Civic media functions inside the public sphere model

Civic media functions inside the public sphere model

How does each kind of civic media project work in relation with the public sphere? How can we understand the relationship between civic media projects and the public sphere? I would like to address these questions by classifying the civic media functions inside the public sphere model. It’s true that there are some different understandings about this concept and its operationalization, but for this post I am just going to use a basic model inspired by the Habermas’ concept.

First of all, we need to remember some key points about the public sphere and its relationship with society and the state. The public sphere is a process that happens when common citizens (citizens without state power; people from society) come together to know and discuss public issues. Thereby this isn’t a formal institution, it isn’t the public space or an even is just a specific time when citizens are together deliberating. Instead, it is the whole process. The public sphere is the constant process of public deliberation between citizens over time at public spaces.

According to Habermas, the public sphere does the intermediation between the society and state. The public sphere is the historically legitimated strategy by which citizens can influence the decisions inside the state. This is a communicative process in which common citizens exchange (and sometimes change) arguments, build opinions and positions, and draw strategies to influence the sphere of decisions (government, parliament and courts).

To summarize, we need to keep in mind that the public sphere is the mediating instance between society with its interests (sometimes divergent) and the state institutions that make political decisions.

Now I am going to speak about the civic media functions related to the public sphere. As you can see in the picture, I think it is possible to identify at least three types of functions. First, the red vector indicates the relationship between society and the public sphere. Citizens can create civic media to strengthen the public sphere, which in turn can motivate others to engage in the public sphere. This engagement strengthens the relations (we could say social capital) inside the public sphere and, at the same time, other social relations outside public sphere.

In fact, there is a lot of software and many platforms to support citizens interacting with others about public issues. These platforms can be appropriated by users for public debate (like Facebook, Twitter or YouTube) or they can be made already to host public debate (like DemocracyOS). The common goal is to facilitate the communicative flow between citizens. This type of civic media wants to improve the variety of information available inside the public sphere and support public discussion. The democratic relevance of these projects comes from the capacity to support a rational, open and equalitarian discussion between citizens.

Second, the green vector indicates the communicative flow between the public sphere and state. Generally, the public sphere’s goal is to push the government toward citizens’ interests. This relationship is a big challenge, because state agencies and the public sphere are circumstantially distant. In modern democracies, citizens can vote for the most important positions inside the state, but there are few opportunities to address questions.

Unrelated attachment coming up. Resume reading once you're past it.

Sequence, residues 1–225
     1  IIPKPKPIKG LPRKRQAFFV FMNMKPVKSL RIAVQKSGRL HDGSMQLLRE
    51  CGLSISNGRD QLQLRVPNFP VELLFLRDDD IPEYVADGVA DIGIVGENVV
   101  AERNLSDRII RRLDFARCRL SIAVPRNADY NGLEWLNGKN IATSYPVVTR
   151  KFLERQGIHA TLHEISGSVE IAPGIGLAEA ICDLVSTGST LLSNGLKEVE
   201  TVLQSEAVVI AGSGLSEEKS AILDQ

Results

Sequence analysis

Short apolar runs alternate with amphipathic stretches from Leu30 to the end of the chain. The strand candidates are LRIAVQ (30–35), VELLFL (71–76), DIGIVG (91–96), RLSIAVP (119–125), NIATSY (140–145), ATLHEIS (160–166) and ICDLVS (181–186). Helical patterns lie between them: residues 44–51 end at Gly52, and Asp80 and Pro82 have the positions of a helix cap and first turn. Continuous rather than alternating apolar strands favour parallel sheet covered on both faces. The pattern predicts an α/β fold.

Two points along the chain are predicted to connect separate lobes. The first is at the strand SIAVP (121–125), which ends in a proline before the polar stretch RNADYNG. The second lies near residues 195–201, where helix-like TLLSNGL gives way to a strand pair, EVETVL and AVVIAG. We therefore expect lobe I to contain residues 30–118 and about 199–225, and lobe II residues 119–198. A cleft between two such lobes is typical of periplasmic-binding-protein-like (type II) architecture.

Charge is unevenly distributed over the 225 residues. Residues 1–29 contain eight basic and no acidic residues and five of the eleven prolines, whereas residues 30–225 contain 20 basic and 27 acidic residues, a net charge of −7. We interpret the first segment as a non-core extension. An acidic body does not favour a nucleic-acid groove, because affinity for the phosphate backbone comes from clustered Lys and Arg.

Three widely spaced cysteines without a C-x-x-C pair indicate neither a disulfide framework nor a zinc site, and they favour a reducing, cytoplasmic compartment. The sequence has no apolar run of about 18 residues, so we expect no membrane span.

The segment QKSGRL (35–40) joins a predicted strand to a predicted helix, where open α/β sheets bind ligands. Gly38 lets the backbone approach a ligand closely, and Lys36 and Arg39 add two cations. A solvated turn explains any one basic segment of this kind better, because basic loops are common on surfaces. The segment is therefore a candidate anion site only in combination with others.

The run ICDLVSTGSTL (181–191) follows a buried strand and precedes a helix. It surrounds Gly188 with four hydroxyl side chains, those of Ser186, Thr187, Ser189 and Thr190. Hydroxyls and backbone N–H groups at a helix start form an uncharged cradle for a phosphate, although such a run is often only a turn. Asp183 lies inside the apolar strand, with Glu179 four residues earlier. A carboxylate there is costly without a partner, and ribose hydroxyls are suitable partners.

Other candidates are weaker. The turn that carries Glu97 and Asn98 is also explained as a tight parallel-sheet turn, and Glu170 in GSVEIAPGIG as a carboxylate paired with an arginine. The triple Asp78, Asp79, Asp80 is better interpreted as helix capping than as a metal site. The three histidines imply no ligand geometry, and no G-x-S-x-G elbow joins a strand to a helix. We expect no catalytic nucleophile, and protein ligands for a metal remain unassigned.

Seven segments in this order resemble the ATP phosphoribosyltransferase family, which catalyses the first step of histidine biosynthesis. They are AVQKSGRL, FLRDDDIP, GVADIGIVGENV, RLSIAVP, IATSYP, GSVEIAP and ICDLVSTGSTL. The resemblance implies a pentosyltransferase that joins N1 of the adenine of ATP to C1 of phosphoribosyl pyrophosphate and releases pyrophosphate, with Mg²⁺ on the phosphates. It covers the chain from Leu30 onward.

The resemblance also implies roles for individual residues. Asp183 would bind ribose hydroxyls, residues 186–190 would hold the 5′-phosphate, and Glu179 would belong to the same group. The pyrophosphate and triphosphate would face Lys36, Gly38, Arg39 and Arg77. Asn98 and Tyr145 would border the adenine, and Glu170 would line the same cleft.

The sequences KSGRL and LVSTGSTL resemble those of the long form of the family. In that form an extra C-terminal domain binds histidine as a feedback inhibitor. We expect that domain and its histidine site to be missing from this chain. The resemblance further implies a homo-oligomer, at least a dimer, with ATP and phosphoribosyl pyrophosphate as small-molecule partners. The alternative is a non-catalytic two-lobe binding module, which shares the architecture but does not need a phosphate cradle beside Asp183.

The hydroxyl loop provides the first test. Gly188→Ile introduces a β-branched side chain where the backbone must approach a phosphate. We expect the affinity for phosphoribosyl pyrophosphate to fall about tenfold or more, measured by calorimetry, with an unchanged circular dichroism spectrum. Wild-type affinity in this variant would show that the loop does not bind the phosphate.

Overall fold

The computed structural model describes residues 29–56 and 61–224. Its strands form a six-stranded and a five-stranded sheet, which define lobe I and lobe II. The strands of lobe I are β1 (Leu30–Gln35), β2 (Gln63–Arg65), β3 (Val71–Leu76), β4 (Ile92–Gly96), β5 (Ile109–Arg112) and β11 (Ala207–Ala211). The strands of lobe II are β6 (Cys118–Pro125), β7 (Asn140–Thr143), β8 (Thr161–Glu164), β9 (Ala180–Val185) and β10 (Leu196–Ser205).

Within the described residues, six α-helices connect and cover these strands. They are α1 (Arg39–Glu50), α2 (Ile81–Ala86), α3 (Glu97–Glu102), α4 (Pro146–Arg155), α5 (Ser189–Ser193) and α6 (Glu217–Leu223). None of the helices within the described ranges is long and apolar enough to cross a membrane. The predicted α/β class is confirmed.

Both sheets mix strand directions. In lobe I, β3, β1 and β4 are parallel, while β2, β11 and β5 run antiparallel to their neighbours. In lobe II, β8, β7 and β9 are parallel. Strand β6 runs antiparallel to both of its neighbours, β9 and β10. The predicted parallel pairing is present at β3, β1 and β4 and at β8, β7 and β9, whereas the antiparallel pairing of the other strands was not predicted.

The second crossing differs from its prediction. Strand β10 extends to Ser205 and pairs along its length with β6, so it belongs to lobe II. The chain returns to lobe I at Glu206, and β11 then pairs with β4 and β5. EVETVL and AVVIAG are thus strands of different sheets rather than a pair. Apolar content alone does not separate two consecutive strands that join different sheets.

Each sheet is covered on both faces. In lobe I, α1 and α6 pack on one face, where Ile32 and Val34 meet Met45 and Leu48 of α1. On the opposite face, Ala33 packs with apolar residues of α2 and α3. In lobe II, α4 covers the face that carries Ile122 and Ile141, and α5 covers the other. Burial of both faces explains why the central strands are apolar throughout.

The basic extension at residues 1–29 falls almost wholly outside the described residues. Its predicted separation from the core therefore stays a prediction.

Nevertheless, many civic media have been created to support the public sphere in its communicative job with each part of the state. As an example, we can cite petition platforms (like Avaaz.org), but also some cases of citizen journalism and online activism that looks for attention and actions from state agencies. At the same time, there are some initiatives created by government to receive inputs from citizens (like We the People and Regulations.org). The democratic value comes from the impact on the policy making process. I don’t mean that all demands from the public sphere have to become policies, but that channels and mechanisms should exist to hear what people think about topics which the government cares about. This connection is so important to democratic life because it recognizes the citizens’ opinion and the public sphere importance.

Third, the blue vector indicates the communicative flow from the state to the public sphere. Especially, in the last few years, there is a lot of initiatives to keep citizens better informed about public resources and what the government is doing. One could say that this is a good way to improve citizen control over government and thus increase the public’s confidence in the public actors and institutions. The democratic value of this kind of initiative comes from the increase of transparency in the state sphere. For example, we can cite initiatives to open data (Data.gov) and reports from public’ agencies.

There is an expectation that to know about state business motivates citizens to participate more in the public sphere and address claims to the state. When this happens, I hope so that both green and blue vectors feed both ways throughout a civic cycle.

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Finally, I would like to say some words about the purpose of this classification. This is not to explain the real practice of civic media projects. Instead, the goal is to help us to identify civic media functions inside the public sphere model. Sometimes, complex cases have at the same time more than one function. This is not a problem, once the aim is to classify the functions of civic media projects instead of the cases.